Duration of mechanical ventilation in an adult intensive care unit after introduction of sedation and pain scales

Teresa Ann Williams, Suzanne Martin, Gavin Leslie, Linda Thomas, Timothy Leen, Sheralee Tamaliunas, K Y Lee, Geoffrey Dobb
American Journal of Critical Care 2008, 17 (4): 349-56

BACKGROUND: Sedation and analgesia scales promote a less-distressing experience in the intensive care unit and minimize complications for patients receiving mechanical ventilation.

OBJECTIVES: To evaluate outcomes before and after introduction of scales for sedation and analgesia in a general intensive care unit.

METHOD: A before-and-after design was used to evaluate introduction of the Richmond Agitation-Sedation Scale and the Behavioral Pain Scale for patients receiving mechanical ventilation. Data were collected for 6 months before and 6 months after training in and introduction of the scales.

RESULTS: A total of 769 patients received mechanical ventilation for at least 6 hours (369 patients before and 400 patients after implementation). Age, scores on the Acute Physiology and Chronic Health Evaluation (APACHE) II, and diagnostic groups were similar in the 2 groups, but the after group had more men than did the before group. Duration of mechanical ventilation did not change significantly after the scales were introduced (median, 24 vs 28 hours). For patients who received mechanical ventilation for 96 hours or longer (24%), mechanical ventilation lasted longer after implementation of the scales (P=.03). Length of stay in the intensive care unit was similar in the 2 groups (P= .18), but patients received sedatives for longer after implementation (P=.01). By logistic regression analysis, APACHE II score (P<.001) and diagnostic group (P<.001) were independent predictors of mechanical ventilation lasting 96 hours or longer.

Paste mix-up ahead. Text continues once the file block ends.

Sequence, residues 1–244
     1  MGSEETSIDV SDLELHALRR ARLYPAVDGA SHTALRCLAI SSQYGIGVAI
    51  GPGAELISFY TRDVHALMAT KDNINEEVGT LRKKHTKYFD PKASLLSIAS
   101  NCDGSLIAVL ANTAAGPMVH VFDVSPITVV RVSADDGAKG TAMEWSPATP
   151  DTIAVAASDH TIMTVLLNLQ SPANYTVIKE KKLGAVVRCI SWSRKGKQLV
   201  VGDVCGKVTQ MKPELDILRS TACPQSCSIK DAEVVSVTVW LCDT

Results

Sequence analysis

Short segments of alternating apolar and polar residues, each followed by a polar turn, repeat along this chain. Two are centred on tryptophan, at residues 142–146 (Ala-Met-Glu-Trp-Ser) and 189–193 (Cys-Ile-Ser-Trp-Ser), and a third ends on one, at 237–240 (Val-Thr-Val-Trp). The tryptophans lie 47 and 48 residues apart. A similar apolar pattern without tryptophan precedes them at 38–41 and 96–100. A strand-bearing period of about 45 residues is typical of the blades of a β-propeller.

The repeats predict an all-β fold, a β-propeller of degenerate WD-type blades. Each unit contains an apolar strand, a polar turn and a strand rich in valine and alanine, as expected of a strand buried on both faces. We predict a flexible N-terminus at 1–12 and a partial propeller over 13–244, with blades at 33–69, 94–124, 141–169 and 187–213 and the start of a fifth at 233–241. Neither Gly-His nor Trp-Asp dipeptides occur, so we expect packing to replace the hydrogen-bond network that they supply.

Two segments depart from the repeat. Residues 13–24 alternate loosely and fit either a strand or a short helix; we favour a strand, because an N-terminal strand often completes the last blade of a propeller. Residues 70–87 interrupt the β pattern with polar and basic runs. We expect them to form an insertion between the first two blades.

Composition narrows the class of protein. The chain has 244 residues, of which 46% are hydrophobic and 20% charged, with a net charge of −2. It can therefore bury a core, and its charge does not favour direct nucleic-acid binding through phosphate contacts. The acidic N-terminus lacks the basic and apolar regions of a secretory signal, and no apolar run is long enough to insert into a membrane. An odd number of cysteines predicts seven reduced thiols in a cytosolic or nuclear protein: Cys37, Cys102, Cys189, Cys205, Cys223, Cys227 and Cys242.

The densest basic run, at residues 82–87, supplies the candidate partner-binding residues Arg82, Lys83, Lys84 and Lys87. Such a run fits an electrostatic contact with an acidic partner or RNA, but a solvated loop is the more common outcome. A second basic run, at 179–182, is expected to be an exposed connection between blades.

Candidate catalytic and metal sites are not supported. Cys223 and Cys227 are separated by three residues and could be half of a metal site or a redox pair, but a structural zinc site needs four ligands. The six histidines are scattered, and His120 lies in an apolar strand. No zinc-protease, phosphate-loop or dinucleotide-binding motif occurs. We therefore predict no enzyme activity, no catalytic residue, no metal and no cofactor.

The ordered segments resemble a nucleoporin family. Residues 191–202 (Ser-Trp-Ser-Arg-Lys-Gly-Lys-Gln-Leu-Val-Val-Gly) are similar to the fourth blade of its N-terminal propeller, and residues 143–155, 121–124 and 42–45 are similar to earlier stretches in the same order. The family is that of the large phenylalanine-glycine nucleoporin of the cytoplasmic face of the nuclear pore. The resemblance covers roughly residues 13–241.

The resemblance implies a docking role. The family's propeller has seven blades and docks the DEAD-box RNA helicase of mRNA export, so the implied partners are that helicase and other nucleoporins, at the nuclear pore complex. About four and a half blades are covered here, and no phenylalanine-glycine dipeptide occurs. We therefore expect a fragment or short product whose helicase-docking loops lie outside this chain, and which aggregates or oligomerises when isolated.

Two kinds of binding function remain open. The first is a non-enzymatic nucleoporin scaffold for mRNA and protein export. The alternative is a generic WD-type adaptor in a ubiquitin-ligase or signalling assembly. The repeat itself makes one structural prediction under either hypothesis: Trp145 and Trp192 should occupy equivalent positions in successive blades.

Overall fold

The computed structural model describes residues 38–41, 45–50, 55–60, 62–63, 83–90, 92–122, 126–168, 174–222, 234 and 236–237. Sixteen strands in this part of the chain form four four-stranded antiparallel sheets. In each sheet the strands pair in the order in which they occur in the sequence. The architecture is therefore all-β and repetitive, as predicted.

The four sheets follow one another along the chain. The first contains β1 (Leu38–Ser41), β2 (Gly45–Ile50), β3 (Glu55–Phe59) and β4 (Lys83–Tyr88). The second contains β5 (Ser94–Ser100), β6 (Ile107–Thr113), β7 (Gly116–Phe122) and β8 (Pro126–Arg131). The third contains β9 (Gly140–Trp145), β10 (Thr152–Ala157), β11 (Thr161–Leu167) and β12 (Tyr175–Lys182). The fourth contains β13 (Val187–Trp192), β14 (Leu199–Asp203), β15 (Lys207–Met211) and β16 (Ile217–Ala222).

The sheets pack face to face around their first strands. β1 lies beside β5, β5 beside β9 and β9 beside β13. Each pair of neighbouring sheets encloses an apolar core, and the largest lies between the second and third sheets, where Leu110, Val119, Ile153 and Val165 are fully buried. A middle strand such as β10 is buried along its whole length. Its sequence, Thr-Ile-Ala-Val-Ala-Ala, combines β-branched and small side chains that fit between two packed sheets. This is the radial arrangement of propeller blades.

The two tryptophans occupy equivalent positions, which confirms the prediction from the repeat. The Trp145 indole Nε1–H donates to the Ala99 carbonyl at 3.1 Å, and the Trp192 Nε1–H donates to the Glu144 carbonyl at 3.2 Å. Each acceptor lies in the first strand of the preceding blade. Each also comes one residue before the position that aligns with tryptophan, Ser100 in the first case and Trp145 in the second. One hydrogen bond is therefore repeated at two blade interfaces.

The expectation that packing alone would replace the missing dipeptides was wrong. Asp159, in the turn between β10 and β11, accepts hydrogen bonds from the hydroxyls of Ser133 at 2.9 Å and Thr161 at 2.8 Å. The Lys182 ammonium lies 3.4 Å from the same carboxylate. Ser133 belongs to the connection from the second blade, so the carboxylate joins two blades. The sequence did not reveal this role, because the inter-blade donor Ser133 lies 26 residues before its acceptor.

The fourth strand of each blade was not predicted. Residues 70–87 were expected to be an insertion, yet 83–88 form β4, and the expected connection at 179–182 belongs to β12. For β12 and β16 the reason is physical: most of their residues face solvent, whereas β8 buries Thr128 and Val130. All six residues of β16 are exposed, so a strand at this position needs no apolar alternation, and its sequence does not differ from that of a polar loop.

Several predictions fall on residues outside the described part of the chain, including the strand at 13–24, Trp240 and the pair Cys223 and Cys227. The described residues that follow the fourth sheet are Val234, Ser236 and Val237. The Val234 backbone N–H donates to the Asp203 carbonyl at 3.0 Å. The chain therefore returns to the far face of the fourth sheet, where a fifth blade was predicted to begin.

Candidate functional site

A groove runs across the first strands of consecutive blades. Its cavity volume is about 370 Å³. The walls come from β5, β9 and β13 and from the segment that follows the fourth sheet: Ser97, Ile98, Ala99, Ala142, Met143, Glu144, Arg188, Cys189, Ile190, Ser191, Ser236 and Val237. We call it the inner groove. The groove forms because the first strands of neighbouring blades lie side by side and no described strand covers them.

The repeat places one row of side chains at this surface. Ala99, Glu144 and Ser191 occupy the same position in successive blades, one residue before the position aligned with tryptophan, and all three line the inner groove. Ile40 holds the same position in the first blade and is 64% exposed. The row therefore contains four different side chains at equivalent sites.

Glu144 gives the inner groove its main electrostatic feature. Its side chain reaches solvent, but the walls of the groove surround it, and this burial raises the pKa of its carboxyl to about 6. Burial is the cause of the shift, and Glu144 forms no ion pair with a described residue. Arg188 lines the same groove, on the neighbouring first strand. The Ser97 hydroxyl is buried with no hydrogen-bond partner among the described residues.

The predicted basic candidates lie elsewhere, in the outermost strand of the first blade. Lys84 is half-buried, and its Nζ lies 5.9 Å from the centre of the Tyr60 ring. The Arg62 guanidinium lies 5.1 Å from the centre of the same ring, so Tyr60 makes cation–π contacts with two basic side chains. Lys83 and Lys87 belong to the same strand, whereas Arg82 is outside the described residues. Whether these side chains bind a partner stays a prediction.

CONCLUSION: Sedation and analgesia scales did not reduce duration of ventilation in an Australian intensive care unit.

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